Redacted from an article by:
SIMONE RODAN-BENZAQUEN and DANIEL SCHWAMMENTHAL
The Wall Street Journal
June 10, 2014
Just ahead of last month’s European Parliament elections, which saw the rise of far-right and anti-Semitic parties, four people were murdered in the Jewish Museum of Brussels. The shootings underscored that, in addition to political extremism, Europe’s Jews also face the violent threat of jihadists.
Mehdi Nemmouche, a French Muslim, was arrested on suspicion of carrying out the attack. He appears to have been radicalized in prison, and is believed to have fought for Islamist rebels in Syria. Like Mohamed Merah, who murdered three soldiers, three Jewish children and a Rabbi two years ago in France, Mr. Nemmouche appears to have mixed gangsterism with radical Islam, anti-Semitism and hatred of the West.
With roughly 1,000 European fighters like Mr. Nemmouche estimated to be in Syria, European Union officials are working to devise better strategies for combating radicalization and detecting the movements of people to and from Syria.
But Europe’s Jews also face almost daily attacks — both verbal and physical. In France, home to Europe’s largest Jewish community of about 650,000, the situation is particularly severe, with 170 anti-Semitic acts reported by the Paris-based Jewish Community Protection Service (SPCJ) and the French Ministry of the Interior in the first trimester of 2014 alone. According to the French League of Human Rights, nearly 50% of all racist acts in France are anti-Semitic, even though Jews represent only 1% of the population.
Such attacks take place in the context of an extremely charged public debate. French comedian Dieudonné has managed not only to popularize an openly anti-Semitic discourse, but to forge the most unlikely of alliances. Though his father is from Cameroon, Dieudonné has united behind him individuals from the extreme right such as Alain Soral, a self-described “national-socialiste intellectual,” National Front founder Jean-Marie le Pen and Holocaust denier Robert Faurisson.
In nearby Belgium, Laurent Louis—until last month a member of parliament—is trying to reproduce Dieudonné’s mass appeal. In early May, Mr. Louis organized a conference to unite French and Belgian anti-Semites, which the Belgian authorities canceled at the last minute.
Government attempts to silence Dieudonné and his followers by prohibiting his shows have failed, largely thanks to the Internet. Dieudonné’s anti-Jewish YouTube diatribes receive millions of viewers within hours of uploading.
This environment leaves many in the Jewish community, perhaps for the first time since they rebuilt their homes in Europe after the Holocaust, fearing once again for their security and future. Fortunately, some European leaders have begun to grasp the depth of the problem. French Prime Minister Manuel Valls has started to put France right.
“Today exists a new form of anti-Semitism that is born in our suburbs,” he said in a radio interview in July 2012. He was referring to young Muslims, as apartment blocks outside French city centers typically house large immigrant communities. At the same time he warned “not to stigmatize fellow citizens notably of Muslim faith.” Mr. Valls went further two years later, in March this year, at a rally against anti-Semitism in Paris. The old anti-Semitism of the French extreme right “is renewed,” he said. “It feeds off hate for Israel. It feeds off anti-Zionism. Because anti-Zionism is an invitation to anti-Semitism.”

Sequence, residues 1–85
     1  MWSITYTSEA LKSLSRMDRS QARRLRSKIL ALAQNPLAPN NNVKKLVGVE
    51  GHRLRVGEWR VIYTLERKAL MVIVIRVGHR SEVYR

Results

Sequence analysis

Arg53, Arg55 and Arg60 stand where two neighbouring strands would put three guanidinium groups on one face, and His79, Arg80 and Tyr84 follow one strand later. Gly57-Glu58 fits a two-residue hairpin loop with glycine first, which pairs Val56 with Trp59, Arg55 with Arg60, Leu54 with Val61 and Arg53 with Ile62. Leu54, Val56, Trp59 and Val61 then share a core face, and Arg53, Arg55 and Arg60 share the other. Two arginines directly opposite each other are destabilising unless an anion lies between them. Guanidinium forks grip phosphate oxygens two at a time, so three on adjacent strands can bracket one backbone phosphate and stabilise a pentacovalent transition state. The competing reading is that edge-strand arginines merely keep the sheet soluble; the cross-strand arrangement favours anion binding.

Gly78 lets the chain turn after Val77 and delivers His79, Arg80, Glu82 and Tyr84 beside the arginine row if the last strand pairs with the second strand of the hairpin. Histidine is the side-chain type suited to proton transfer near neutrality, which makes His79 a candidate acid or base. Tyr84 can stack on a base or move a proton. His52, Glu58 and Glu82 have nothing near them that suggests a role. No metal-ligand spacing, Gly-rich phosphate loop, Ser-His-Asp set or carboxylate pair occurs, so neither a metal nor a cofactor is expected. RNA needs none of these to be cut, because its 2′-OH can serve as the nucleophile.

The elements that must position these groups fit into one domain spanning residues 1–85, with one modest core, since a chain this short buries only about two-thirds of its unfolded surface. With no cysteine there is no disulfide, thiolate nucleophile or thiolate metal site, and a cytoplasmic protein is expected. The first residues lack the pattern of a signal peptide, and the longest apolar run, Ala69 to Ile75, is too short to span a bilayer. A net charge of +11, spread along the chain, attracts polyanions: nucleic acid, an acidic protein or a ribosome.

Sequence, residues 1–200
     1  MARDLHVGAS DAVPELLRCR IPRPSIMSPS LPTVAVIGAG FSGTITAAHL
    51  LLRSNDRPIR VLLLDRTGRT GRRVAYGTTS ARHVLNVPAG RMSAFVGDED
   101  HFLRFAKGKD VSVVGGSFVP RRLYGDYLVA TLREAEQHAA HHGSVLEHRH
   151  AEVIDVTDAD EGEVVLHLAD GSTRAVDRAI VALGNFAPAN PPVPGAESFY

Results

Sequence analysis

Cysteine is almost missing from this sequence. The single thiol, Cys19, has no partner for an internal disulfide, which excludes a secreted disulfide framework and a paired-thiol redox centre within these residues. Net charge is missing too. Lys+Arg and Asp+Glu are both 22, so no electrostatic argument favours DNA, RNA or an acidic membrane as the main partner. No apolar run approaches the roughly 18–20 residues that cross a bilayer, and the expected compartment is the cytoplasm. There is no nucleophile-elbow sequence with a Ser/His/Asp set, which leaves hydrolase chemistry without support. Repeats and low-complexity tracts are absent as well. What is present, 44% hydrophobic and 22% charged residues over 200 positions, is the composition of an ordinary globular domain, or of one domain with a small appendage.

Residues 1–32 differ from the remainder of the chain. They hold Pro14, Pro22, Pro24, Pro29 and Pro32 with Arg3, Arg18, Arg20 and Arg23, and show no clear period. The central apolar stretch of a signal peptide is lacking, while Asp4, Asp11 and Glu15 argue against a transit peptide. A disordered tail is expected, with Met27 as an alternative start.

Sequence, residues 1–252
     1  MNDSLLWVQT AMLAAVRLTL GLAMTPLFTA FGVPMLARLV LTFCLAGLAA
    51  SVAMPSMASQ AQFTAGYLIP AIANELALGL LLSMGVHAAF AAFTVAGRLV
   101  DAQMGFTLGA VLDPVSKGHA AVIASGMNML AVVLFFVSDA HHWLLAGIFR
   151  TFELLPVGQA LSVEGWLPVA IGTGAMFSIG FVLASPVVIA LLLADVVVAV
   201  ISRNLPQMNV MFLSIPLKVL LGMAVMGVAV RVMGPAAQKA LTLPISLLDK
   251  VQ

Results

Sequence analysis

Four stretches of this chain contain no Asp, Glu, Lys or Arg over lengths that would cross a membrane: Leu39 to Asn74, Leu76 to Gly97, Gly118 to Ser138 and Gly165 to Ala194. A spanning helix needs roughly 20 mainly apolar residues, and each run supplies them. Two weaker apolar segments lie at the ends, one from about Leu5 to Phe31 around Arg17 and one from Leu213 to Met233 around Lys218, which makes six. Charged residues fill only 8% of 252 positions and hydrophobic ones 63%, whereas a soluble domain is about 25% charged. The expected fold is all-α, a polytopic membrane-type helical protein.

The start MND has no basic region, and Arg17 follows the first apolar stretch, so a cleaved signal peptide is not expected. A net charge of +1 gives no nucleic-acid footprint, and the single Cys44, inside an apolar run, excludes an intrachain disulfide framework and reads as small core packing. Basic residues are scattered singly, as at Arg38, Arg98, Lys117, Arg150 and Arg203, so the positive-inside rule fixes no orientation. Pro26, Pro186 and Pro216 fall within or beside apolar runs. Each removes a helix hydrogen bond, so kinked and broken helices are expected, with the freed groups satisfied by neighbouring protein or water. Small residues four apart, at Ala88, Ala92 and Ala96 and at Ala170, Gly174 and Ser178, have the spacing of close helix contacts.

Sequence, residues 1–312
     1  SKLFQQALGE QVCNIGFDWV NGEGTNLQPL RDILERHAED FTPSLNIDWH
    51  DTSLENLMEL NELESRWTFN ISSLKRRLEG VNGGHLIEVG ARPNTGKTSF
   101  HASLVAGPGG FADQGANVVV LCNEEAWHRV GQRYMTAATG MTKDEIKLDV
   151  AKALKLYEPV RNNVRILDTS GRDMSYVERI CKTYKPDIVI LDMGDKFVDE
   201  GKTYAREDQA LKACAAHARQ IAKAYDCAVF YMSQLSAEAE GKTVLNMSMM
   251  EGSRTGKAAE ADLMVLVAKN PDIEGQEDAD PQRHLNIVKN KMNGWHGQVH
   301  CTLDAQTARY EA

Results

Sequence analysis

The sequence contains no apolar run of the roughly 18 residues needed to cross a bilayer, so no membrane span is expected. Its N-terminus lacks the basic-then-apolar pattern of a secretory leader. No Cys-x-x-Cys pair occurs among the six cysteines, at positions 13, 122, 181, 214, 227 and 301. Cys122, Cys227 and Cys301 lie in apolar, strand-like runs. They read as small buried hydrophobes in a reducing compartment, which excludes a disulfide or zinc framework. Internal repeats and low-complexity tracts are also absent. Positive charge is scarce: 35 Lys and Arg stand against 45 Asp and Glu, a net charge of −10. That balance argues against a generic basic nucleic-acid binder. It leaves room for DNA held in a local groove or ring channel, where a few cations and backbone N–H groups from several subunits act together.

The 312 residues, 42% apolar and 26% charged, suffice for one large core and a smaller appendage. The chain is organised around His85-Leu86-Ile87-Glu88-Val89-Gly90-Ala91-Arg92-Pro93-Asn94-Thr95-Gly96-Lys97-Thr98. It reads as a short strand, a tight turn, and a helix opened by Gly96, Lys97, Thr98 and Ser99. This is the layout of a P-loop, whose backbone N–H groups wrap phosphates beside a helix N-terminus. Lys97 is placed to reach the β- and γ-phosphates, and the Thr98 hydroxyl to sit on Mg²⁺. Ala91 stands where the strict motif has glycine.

So what can governments and civil society in Europe do to combat anti-Semitism?
First, we need more leaders such as Mr. Valls speaking the truth and showing zero tolerance. When demonstrators at so-called “pro-Palestinian” rallies scream slogans like “Hamas, Hamas, Jews into the gas,” as has frequently happened around Europe, political leaders and the media cannot stay silent. Public hate speech must not be tolerated and anti-Semitic acts need to be systematically prosecuted and punished.
Second, not all expressions of anti-Semitism should be fought with the same weapons. Regarding the Muslim community, for example, improving social cohesion is key. Better integrating Muslim Europeans is not only a virtue and a necessity in itself, it can also help lower the susceptibility of these communities to anti-Semitism and radicalization.
It is equally important to empower moderate Muslims. People such as Latifa Ibn Ziaten, whose son Imad was one of the French soldiers murdered by Merah, and who now visits France’s most difficult neighborhoods, speaking to youth groups and trying to steer them away from the influences of anti-Semites and extremists.
Third, more needs to be done early on in the process, before people develop anti-Semitic views. New educational programs ought to focus on this problem, assisting students to recognize prejudices. Youngsters need to learn about the culture, history and religion of other communities, by focusing on similarities and shared values.
Fourth, fighting anti-Semitism at home may also have a foreign-policy dimension. To this day, Saudi and Qatari money is pouring into European mosques, helping to spread an extremist form of Islam. In addition, we know that through satellite television and the Internet, Islamist and anti-Semitic content can easily be accessed in Europe. Much of it is unfortunately produced in the Arab world.
Much is at stake. Anti-Semitism is always symptomatic of a more profound problem in society, something that might start with Jews but will not stop there. So it is not just the well-being and future of the Jewish community in Europe that is at risk, but the very values Europe stands for.
Mrs.Rodan-Benzaquen is the director of the AJC Paris office and Mr. Schwammenthal is the director of the AJC Transatlantic Institute in Brussels.
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